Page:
International arbitration practitioners are acutely aware of the importance of the seat of arbitration and its impact on the conduct of arbitration proceedings and any subsequent court applications to set aside and enforce.
In A v B  1 Lloyd’s Rep 237, the English court observed that an agreement as to the seat of the arbitration was analogous to an exclusive jurisdiction clause. The court stated that “[a]ny claim for a remedy going to the existence or scope of the arbitrator’s jurisdiction or as to the validity of an existing interim or final award is agreed to be made only in the courts of the place designated as the seat of the arbitration” [255-256). In that case, it was held that it would be a breach of the arbitration agreement seating the arbitration in Switzerland for either party to invite the courts of any other jurisdiction to resolve an issue relating to the validity of the agreement.
Gary Born, in “International Commercial Arbitration” (2nd Ed, 2014) states that under Article 1(2) of the Model Law, virtually all aspects of an international arbitration’s “external” relationship with national courts are determined by where the “place” or “seat” of arbitration is located. Among other things, the law of the arbitral seat applies to provisions regarding judicial power to appoint and remove arbitrators (Articles 11-13), to consider jurisdictional issues (Article 16), to assist in evidence-taking (Article 27) and to annul arbitral awards (Article 34). These various judicial powers may be exercised by – and only by – the courts in the arbitral seat: in particular, only the courts in the seat of the arbitration may remove an arbitrator or annul an award made in the arbitration. Born goes on to state that the same conclusion applies, also by virtue of Article 1(2) of the Model Law, to “internal” procedural issues including the applicability of basic guarantees regarding party autonomy and due process. Thus, Articles 18 and 19 of the Model Law provide mandatory requirements regarding the equal treatment of the parties and the recognition of the parties’ procedural autonomy from which the parties may not deviate – in each case applicable only to arbitrations seated locally and not to foreign arbitrations.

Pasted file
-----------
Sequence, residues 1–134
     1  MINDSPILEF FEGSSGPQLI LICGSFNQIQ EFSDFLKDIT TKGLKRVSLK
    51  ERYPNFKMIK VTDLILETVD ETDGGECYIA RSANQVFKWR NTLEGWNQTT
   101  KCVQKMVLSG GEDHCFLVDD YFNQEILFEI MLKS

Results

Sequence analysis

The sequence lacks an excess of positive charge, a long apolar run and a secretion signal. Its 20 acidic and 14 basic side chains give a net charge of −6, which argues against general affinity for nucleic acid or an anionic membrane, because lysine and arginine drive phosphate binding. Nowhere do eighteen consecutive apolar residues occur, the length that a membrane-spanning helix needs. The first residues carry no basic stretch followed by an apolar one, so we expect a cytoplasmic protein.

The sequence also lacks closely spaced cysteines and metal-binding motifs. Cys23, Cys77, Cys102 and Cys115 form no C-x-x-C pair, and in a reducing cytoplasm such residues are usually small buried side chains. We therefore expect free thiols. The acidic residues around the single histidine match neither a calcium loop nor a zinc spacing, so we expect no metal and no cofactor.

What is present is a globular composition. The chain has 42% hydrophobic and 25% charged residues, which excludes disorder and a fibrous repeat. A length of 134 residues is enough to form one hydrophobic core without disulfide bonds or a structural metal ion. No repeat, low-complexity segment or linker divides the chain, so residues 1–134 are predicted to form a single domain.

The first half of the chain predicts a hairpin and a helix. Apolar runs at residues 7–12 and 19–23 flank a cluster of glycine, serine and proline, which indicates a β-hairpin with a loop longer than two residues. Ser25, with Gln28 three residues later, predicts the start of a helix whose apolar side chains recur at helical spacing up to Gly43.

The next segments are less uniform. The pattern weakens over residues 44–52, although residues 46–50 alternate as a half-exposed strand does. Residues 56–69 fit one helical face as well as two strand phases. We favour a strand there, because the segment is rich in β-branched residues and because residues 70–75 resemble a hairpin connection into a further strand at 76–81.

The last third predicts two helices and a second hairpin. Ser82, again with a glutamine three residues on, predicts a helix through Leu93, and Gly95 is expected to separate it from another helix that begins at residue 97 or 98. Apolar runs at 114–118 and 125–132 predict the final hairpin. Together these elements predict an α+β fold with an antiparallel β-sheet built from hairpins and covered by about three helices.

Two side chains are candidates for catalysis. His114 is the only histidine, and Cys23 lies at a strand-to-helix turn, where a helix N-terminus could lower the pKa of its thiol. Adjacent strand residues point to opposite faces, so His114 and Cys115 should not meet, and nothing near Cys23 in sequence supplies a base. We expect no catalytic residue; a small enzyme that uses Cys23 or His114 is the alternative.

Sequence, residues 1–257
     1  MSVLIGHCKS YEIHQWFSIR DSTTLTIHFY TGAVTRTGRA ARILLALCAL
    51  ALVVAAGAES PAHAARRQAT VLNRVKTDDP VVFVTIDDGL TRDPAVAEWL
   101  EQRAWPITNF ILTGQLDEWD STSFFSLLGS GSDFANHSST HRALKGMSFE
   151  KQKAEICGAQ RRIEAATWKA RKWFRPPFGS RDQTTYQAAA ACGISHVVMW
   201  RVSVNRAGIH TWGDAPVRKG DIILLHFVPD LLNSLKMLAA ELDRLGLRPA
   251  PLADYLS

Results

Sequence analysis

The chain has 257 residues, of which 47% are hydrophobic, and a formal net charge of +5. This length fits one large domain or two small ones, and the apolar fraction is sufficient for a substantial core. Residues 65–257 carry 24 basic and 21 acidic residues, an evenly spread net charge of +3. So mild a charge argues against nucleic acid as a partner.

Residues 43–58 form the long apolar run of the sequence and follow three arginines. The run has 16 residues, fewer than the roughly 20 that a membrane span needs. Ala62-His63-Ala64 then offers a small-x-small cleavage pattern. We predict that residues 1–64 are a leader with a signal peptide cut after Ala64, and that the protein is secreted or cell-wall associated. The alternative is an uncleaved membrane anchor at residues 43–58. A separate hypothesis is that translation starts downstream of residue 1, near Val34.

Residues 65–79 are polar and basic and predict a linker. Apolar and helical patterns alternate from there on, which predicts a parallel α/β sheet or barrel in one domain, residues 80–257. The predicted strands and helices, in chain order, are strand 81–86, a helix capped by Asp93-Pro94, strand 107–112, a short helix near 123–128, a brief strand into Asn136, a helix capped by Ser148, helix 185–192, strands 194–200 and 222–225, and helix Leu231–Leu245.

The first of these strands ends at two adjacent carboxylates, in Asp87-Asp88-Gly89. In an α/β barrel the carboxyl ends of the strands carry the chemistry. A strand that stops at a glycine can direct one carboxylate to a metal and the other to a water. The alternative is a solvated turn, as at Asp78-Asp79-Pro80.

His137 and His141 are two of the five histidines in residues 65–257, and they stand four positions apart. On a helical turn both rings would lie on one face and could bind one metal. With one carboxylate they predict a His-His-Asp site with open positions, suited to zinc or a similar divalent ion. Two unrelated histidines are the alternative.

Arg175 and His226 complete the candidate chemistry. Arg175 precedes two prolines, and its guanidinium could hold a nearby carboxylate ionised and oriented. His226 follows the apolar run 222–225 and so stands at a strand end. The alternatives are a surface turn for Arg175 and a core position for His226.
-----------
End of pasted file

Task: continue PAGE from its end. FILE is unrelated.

Last month, we posted an article on the Singapore Court of Appeal’s 18th November 2019 decision in Sanum Investments Limited v ST Group Co Ltd & Ors  SGCA 65, where the CA also emphasised the importance of the seat of arbitration, concluding that once an arbitration was wrongly seated (and absent any waiver), any award that ensues should not be recognised and enforced by other jurisdictions because such award had not been obtained in accordance with the parties’ arbitration agreement. (See our earlier post here).
Two important passages from the judgment :
“The choice of an arbitral seat is one of the most important matters for parties to consider when negotiating an arbitration agreement because the choice of seat carries with it the national law under whose auspices the arbitration shall be conducted. Arbitration is built on autonomy and free choice. Thus, as it must, the Model Law recognises the autonomy of the parties in relation to the seat. It provides specifically by Art 20(1) that parties are “free to agree on the place of arbitration”. Additionally, Art 31(3) provides that the award is to state “its date and the place of arbitration as determined in accordance with Article 20(1)” which means the Award must state what the seat was. While the parties can, of course, whether deliberately or neglectfully, omit to specify a seat such a course has been described as unwise…”
“In addition to the external relationship with national courts, the law of the seat is also vital in governing significant issues relating to the conduct of an international arbitration and the validity and finality of the award resulting from the proceedings. The choice of the seat in and of itself represents a choice of forum for remedies. In PT Garuda Indonesia v Birgen Air  1 SLR(R) 401, this Court recognised that a Singapore court only has the power to set aside an arbitration award if that arbitration was seated in Singapore. As a collorary, in Hilton International Manage (Maldives) Pvt Ltd v Sun Travels & Tours Pvt Ltd  SGHC 56, Belinda Ang Saw Ean J held that an agreement to arbitrate gives rise to a negative obligation not to set aside or otherwise actively attack an arbitral award in jurisdictions other than the seat of the arbitration.”
In light of the above, it seemed timely to post an article titled “Lex Arbitri, Procedural Law and the Seat of Arbitration”, written by Alastair Henderson of Herbert Smith Freehills in 2014 and originally published in the Singapore Academy of Law Journal. The article provides a comprehensive review of the meaning, scope and sources of procedural law and lex arbitri; the rights of parties to opt out and create their own procedural framework, and the limits on that freedom; and the process for determining the seat of arbitration as the primary source of the lex arbitri in the absence of agreement by the parties.